Great-tailed Grackle

Quiscalus mexicanus

A large, noisy blackbird, the Great-tailed Grackle has been expanding its range in North America throughout the last century. A bird of open country with scattered trees and water, it took advantage of urbanization and irrigation to move northward from Mexico into much of western United States.

Cool Facts

Photo taken from:
The Sibley Field Guide to Birds of Western North America by David Allen Sibley
  • Three different subspecies of Great-tailed Grackles have expanded into the United States from three separate areas of Mexico.
  • The Great-tailed and Boat-tailed grackles have at times been considered the same species. Current thinking is that they are closely related, but different species.
  • As it expands its range northward the Great-tailed Grackle tends to migrate out of the most northern areas. It quickly becomes a resident and stays through the winter.
  • Great-tailed Grackles roost together in large numbers outside of the breeding season. In Central America these large, noisy roosts frequently are found in the central plaza of small towns.


  • Size: 38-46 cm (15-18 in)
  • Weight: 115-265 g (4.06-9.35 ounces)
  • Large blackbird.
  • Very long tail.
  • Male shiny black, female brown.
Iridescent black with purplish-blue sheen. Yellow eyes. Long, graduated, keep-shaped tail. Moderately long, strong black legs. Flat-topped head profile.
Dusky brown with darker wings and tail. Yellow eye. Buffy eyestripe and throat. Cinnamon buff to buffy brown on belly. Long tail only slightly keeled, if at all. Bill black. Legs black.
Sex Differences
Male iridescent black. Female dull brown and significantly smaller.
Juvenile is brown like female, with streaked underparts and dark eyes.
Range Map
Taxonomic Hierarchy


2003 Cornell Lab of Ornithology
Kingdom: Animalia
Phylum: Chordata
     Subphylum: Vertebrata
Class: Aves
Order: Passeriformes
Family: Icteridae
Genus: Quiscalus
Species: Quiscalus mexicanus
  • Quiscalus mexicanus graysoni
  • Quiscalus mexicanus loweryi
  • Quiscalus mexicanus mexicanus
  • Quiscalus mexicanus monsoni
  • Quiscalus mexicanus nelsoni
  • Quiscalus mexicanus obscurus
  • Quiscalus mexicanus peruvianus
  • Quiscalus mexicanus prosopidicola
Song a loud series of harsh rattles interspersed with whistling notes and other noises.

Identification and Information
See Anatomy of a Bird
  • Length Range: 27-47 cm (10.5-18.5 in)
  • Weight: 190 g (6.7 oz)
  • Size: 3. Medium (9 - 16 in)
  • Color Primary: Black, Sheen or Iridescence
  • Underparts: Black with iridescent purple sheen.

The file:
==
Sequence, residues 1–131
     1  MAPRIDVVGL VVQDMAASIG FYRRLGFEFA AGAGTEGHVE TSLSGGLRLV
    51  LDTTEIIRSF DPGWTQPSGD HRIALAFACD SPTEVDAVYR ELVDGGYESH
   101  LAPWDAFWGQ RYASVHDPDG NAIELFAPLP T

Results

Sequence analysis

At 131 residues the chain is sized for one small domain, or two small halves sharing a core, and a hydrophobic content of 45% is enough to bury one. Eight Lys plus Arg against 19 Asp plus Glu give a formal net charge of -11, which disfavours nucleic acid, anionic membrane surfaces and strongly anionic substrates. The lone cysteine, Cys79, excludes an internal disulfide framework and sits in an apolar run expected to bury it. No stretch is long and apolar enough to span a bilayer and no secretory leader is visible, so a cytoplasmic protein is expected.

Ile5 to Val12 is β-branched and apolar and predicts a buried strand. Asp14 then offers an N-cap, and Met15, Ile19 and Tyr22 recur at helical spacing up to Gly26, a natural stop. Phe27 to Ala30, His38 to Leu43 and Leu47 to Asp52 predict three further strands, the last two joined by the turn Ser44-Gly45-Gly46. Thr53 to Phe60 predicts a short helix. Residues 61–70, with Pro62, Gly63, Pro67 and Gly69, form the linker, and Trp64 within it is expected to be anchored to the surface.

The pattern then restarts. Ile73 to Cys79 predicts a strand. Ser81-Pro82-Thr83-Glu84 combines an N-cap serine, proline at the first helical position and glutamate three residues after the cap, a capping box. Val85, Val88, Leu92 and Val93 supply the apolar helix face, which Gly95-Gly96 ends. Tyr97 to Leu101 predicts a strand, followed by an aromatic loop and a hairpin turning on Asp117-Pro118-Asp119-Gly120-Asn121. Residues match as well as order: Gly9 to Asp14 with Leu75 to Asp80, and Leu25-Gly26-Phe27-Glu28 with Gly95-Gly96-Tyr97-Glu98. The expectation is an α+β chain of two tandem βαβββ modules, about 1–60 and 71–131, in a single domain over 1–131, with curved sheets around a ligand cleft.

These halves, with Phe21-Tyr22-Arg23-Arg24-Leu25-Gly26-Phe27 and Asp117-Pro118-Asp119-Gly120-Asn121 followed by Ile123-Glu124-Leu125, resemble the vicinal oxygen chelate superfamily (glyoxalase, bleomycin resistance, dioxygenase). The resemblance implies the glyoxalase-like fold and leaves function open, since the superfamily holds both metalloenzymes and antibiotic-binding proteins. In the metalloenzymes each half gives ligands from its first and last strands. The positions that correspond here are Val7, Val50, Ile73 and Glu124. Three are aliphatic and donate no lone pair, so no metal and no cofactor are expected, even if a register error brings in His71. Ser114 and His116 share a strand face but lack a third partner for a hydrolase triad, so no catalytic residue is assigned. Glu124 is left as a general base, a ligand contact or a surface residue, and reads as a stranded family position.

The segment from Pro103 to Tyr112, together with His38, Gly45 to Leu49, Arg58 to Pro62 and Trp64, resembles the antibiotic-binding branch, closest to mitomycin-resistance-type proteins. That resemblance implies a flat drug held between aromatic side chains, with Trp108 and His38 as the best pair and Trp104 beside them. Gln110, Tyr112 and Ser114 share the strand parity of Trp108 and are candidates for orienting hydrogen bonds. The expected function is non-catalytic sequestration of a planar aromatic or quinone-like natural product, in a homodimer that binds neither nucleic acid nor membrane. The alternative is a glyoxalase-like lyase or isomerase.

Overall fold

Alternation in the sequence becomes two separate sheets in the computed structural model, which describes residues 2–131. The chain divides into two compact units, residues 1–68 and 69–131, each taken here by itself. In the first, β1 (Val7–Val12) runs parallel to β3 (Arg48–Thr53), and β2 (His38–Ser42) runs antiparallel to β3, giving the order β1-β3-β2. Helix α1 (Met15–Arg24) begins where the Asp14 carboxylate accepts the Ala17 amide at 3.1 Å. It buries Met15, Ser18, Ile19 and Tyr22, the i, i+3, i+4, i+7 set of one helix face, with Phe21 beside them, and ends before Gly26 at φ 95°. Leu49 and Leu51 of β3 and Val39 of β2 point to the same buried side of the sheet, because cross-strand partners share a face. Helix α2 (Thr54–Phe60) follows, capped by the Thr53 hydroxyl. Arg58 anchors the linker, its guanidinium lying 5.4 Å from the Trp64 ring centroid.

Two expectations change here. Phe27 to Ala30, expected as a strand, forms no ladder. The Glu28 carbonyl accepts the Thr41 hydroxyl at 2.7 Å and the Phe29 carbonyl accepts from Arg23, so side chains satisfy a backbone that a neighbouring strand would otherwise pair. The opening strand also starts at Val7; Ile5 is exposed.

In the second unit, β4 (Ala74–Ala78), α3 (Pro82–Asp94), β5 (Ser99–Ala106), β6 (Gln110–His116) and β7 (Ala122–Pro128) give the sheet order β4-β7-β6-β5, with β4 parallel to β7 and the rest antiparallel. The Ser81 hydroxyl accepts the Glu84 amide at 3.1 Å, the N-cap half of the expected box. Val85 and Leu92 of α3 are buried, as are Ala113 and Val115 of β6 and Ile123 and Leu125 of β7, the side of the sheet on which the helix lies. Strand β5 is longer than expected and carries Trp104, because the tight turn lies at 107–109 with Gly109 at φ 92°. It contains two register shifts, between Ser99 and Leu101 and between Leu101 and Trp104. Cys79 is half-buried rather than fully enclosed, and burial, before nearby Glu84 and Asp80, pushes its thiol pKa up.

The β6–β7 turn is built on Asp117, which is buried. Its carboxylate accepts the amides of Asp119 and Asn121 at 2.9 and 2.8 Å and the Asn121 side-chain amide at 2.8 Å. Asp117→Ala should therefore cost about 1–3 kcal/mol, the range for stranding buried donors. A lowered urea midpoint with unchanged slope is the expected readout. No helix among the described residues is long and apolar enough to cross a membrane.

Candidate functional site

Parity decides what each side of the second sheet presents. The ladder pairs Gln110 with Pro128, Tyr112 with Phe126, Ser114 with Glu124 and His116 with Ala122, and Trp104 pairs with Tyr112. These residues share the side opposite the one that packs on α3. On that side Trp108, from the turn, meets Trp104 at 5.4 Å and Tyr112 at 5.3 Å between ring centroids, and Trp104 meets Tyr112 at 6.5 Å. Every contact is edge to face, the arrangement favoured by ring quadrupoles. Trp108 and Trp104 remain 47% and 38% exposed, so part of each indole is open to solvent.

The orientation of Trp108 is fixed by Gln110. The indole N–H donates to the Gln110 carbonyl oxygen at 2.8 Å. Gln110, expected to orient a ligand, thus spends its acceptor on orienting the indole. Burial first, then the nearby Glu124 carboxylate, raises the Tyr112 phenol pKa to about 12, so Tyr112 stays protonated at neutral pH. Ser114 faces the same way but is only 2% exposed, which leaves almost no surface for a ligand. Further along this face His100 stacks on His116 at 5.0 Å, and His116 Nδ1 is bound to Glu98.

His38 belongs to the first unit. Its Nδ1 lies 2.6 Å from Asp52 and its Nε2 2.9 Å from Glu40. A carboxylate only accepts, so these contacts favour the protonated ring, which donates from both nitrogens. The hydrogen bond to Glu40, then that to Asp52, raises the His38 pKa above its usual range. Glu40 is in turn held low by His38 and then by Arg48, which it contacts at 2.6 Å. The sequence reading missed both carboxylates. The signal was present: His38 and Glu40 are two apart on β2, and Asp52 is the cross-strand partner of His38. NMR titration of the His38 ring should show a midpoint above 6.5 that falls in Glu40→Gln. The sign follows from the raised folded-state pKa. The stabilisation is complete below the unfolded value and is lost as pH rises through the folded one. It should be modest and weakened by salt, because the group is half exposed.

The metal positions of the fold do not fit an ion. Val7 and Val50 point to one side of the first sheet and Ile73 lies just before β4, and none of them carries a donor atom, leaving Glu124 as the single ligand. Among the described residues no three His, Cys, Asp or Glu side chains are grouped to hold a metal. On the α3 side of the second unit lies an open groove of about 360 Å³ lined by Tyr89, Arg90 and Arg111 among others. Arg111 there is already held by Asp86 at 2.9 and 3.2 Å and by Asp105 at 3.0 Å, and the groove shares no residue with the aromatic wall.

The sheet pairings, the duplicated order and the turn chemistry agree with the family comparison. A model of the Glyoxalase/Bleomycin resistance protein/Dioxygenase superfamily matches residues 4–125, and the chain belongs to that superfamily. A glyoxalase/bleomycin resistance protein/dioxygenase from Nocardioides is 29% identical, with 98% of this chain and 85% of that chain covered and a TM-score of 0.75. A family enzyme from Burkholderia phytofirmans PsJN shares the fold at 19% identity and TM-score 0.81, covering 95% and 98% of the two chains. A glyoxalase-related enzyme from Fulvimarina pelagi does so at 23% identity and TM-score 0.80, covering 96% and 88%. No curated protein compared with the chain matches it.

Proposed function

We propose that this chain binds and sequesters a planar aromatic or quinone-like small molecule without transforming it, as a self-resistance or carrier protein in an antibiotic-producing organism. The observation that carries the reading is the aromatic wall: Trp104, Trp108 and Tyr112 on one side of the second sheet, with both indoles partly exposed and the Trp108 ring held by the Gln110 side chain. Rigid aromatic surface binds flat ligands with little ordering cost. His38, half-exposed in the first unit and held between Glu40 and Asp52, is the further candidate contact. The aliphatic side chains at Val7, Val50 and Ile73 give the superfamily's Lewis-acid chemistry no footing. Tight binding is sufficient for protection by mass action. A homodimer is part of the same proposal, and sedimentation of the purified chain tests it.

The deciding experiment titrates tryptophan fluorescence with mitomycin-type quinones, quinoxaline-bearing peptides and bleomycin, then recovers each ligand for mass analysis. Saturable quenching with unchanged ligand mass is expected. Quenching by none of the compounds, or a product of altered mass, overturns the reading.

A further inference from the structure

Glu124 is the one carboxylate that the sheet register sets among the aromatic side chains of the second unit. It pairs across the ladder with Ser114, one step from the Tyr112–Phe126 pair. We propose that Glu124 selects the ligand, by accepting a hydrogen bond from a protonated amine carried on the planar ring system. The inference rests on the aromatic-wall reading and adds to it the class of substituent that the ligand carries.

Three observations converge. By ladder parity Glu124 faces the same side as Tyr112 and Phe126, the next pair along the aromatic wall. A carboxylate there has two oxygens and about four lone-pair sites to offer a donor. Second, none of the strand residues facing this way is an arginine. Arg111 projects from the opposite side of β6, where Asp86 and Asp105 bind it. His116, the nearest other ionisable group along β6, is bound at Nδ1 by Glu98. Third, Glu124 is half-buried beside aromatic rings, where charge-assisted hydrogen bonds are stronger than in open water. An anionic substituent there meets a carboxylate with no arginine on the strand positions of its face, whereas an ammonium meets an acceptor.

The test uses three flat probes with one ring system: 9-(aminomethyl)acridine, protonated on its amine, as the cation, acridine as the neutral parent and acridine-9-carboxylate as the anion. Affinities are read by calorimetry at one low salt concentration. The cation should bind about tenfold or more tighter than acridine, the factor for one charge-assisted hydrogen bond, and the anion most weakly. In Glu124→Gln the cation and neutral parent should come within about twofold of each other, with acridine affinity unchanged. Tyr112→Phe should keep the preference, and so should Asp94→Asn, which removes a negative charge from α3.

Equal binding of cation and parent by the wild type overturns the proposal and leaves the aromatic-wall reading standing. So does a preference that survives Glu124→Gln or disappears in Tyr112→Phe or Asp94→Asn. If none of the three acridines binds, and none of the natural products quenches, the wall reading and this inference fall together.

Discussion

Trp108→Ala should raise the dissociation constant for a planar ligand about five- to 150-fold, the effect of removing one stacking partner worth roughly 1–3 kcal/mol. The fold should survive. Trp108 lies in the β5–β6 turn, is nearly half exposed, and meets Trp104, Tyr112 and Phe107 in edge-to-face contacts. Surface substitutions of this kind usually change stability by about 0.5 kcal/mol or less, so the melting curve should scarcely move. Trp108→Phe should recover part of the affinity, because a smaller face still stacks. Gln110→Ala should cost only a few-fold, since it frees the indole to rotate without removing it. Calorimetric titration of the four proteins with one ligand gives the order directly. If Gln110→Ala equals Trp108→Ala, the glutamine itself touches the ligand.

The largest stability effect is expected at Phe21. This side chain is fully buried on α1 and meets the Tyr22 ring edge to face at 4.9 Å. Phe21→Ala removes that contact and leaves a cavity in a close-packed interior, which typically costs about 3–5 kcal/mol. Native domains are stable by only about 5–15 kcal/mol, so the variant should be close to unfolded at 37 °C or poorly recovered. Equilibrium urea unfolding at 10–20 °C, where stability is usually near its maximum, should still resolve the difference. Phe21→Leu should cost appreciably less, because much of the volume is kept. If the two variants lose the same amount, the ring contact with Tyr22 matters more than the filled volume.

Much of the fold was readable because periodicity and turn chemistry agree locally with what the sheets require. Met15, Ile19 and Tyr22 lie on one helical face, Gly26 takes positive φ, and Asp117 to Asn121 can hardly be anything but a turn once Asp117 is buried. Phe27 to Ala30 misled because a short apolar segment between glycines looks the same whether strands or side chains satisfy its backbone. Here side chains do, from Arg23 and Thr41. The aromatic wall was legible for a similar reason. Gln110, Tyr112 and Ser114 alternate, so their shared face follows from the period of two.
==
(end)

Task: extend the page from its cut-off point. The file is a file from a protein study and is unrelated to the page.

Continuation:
• Upperparts: Black with iridescent purple sheen.
  • Back Pattern: Solid
  • Belly Pattern: Solid
  • Breast Pattern: Solid
  • Bill Shape: Dagger, All-purpose
  • Eye Color: Dull brown in male juveniles, becoming deep yellow at maturity. Females similar but paler.
  • Head Pattern: Plain
  • Crown Color: Black with iridescent purple sheen.
  • Forehead Color: Black with iridescent purple sheen.
  • Nape Color: Black with iridescent purple sheen.
  • Throat Color: Black with iridescent purple sheen.
  • Cere color: No Data
  • Flight Pattern: Strong swift direct flight on rapidly beating wings.
  • Wingspan Range: 49 cm (19.25 in)
  • Wing Shape: Pointed-Wings
  • Tail Shape: Squared Tail
  • Tail Pattern: Solid
  • Upper Tail: Black
  • Under Tail: Black
  • Leg Color: Black
  • Breeding Location: Grassland with scattered trees, Marshes, Urban
  • Breeding Type: Polygamous, Colonial
  • Breeding Population: Fairly common to common
  • Egg Color: Light gray to light blue with red purple markings
  • Number of Eggs: 3 - 4
  • Incubation Days: 13 - 14
  • Egg Incubator: Female
  • Nest Material: Bark, sticks, weeds, and grass.
  • Migration: Some migrate
  • Condition at Hatching: Helpless with sparse gray down.

Other Names

Similar Species

  • Quiscale longue queue (French)
  • Zanate mexicano, Sanate/Clarinero (Spanish)
  • Common Grackle smaller, with shorter tail and more restricted purple.
  • Boat-tailed Grackle is very similar, but tail is a little shorter and head is more rounded; voice is different.
  • The Gulf Coast form of Boat-tailed Grackle, the form most likely to be in the range of great-tailed, has dark eyes.

Conservation Status

Uses human-modified habitats and has expanded its range. Populations have been increasing in all parts of range. Considered a pest species because it damages some crops.


Sources used to Construct this Page:

Open areas with scattered trees and nearby water, including pastures, agricultural areas, mangroves, and urban and suburban areas.
  • Johnson, K., and B. D. Peer. 2001. Great-tailed Grackle (Quiscalus mexicanus). In The Birds of North America, No. 576 (A. Poole and F. Gill, eds.). The Birds of North America, Inc., Philadelphia, PA.
Insects, other invertebrates, tadpoles, lizards, small fish, and plant material. Some eggs and bird nestlings.
Forages in flocks with other blackbirds. Sexes may forage in separate flocks. Follows tractors to get exposed food.

Adult Male

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Additional Photos & Video

Adult Female

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All photos 2008 Rick Swartzentrover - Free for non-profit use.

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